Funds set to boost infrastructure, industrial projects
China is poised to increase investment in fellow Shanghai Cooperation Organisation (SCO) member states, offering billions of dollars in special loans that will boost infrastructure and industrial development in these countries, experts said, while also increasing economic and trade cooperation within the traditionally security-focused bloc.
An aerial view of containers on a quay at the China-Kazakhstan logistics terminal in Lianyungang, East China's Jiangsu Province (Photo: IC)
During a speech at the SCO summit in Qingdao, East China's Shandong Province, on Sunday, Chinese President Xi Jinping pledged to set up a 30 billion yuan ($4.69 billion) special lending facility within the framework of the SCO Interbank Consortium, according to the Xinhua News Agency.
Xi said that the special loan was announced in connection with his proposal for the SCO to build a "powerful engine to achieve common development and prosperity," Xinhua reported.
The move is in line with China's push for wider regional economic and trade cooperation under the Belt and Road initiative and will provide much-needed funding to spearhead infrastructure and industrial projects in SCO member states, experts noted.
Fill the void
"There is massive demand for investment in infrastructure and industrial development within the SCO, especially after India and Pakistan joined the group," said Liu Ying, a research fellow with the Chongyang Institute for Financial Studies at Renmin University of China.
While SCO countries have long proposed linking their transportation networks to facilitate trade, implementation of the plan has stalled due to a lack of funding, according to Liu. "Building transport connections requires a huge amount of investment and these countries might not be able to fund it. China is better positioned to provide it," she told the Global Times on Monday.
Apart from infrastructure projects, the special loan could also be used in industrial development in the SCO member states, according to Liu. Specifically, energy projects and industrial parks could receive funding, she noted.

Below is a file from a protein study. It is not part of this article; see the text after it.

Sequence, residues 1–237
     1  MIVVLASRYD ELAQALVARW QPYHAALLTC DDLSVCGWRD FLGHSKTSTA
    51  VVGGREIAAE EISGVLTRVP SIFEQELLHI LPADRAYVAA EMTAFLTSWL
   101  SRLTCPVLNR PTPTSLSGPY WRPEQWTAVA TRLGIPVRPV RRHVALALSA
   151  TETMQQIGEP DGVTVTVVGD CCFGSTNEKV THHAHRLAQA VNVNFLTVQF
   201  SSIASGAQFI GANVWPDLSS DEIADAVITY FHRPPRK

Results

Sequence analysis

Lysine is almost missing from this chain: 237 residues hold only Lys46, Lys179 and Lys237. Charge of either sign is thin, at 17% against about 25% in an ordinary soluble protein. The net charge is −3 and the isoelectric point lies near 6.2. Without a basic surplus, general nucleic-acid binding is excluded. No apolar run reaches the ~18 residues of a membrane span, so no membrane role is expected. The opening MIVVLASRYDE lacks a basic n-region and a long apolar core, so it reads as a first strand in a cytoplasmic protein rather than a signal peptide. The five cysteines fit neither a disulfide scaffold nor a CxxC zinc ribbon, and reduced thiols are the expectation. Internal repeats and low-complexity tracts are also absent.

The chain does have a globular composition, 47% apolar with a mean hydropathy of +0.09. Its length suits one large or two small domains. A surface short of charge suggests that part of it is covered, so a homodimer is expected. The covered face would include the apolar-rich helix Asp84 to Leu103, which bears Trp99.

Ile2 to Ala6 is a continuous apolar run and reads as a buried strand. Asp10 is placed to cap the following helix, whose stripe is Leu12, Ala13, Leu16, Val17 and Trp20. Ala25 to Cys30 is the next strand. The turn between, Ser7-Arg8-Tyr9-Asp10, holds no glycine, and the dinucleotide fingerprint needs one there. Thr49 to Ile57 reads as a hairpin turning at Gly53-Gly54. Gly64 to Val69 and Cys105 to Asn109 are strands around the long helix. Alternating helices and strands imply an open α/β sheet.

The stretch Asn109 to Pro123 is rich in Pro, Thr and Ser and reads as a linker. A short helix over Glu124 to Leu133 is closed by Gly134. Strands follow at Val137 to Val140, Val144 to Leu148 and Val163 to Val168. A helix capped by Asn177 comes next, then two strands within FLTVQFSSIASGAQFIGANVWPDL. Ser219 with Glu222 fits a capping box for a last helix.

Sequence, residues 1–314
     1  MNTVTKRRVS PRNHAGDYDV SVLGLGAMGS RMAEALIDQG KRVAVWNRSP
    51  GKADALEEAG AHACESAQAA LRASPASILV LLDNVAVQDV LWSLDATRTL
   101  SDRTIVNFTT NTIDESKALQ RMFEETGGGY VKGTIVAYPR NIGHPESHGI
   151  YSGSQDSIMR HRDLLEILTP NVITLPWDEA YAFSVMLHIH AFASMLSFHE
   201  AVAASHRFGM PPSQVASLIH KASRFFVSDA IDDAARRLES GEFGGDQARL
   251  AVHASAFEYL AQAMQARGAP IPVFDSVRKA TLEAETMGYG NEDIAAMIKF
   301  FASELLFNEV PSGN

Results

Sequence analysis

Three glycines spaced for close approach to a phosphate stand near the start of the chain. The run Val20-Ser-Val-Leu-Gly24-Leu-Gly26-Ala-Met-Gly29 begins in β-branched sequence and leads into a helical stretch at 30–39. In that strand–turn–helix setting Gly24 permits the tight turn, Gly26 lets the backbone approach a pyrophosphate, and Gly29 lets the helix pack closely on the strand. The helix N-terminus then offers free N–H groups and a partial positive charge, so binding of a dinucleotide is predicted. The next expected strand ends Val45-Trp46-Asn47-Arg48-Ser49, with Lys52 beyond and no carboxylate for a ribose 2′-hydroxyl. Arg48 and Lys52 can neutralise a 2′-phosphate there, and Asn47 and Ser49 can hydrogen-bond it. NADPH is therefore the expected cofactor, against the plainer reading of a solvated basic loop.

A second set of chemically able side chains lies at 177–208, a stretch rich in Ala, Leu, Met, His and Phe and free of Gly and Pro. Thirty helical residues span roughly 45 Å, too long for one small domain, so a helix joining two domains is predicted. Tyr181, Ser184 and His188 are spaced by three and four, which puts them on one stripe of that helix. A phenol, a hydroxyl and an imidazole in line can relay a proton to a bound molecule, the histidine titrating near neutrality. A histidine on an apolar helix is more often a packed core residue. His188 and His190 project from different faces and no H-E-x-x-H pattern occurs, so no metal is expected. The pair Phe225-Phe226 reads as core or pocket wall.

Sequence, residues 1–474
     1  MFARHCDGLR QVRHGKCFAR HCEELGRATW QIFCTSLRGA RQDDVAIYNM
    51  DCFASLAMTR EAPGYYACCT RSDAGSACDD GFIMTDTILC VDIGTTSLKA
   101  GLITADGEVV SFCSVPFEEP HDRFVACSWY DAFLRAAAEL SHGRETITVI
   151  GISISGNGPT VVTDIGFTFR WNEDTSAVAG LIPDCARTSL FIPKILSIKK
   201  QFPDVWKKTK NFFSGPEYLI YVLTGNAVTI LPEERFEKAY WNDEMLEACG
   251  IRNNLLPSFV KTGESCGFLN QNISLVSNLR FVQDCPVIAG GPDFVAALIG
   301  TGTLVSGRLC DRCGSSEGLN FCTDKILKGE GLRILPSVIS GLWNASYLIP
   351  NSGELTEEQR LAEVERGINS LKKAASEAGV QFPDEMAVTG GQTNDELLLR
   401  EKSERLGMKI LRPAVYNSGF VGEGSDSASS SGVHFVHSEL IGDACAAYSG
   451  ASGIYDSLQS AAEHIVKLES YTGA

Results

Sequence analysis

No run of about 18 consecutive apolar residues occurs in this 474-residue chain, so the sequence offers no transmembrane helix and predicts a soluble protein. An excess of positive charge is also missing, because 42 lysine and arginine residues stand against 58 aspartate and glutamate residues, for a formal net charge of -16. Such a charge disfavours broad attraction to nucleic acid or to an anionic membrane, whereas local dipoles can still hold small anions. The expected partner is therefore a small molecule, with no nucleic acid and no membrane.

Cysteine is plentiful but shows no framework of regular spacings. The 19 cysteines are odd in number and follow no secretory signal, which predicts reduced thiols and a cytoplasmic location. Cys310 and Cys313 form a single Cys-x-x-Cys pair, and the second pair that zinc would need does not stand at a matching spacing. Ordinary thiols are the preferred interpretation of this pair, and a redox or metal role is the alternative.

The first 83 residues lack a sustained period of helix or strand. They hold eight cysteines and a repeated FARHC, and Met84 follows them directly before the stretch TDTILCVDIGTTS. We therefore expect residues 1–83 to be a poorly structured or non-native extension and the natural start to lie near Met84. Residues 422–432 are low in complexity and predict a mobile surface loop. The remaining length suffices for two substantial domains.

China has already been investing heavily in infrastructure and industrial development projects in some of the SCO member states through the Belt and Road initiative. China Development Bank, a policy bank, said that it has invested a total of more than $100 billion in SCO member states so far, according to a Xinhua report on Thursday.
By setting up the special loan under the SCO Interbank Consortium, China is trying to promote an expansion of free trade among SCO member states, said Chen Fengying, an expert at the China Institutes of Contemporary International Relations.
"The main purpose is trade facilitation because this is very important for the region," Chen told the Global Times on Monday, noting that while the bloc has previously focused mainly on security cooperation, trade has become an increasingly critical issue in today's world of rising trade disputes and protectionism.
"Trade facilitation is just the initial goal. The ultimate goal is for us to move toward a free trade pact," Chen said. "That's the right path for the SCO to become a prominent voice in global issues regarding both security and trade."
Liu also noted that the special loan comes at a time when major economies, such as the US and EU, are continuing to tighten monetary policy, drawing waves of capital flows back toward them and depriving other countries, including those in the SCO, of investment.
"There is an element of risk prevention in [setting up the special loan]… because as global money supply is in retreat, [the loan] could address liquidity issues for these countries," she said.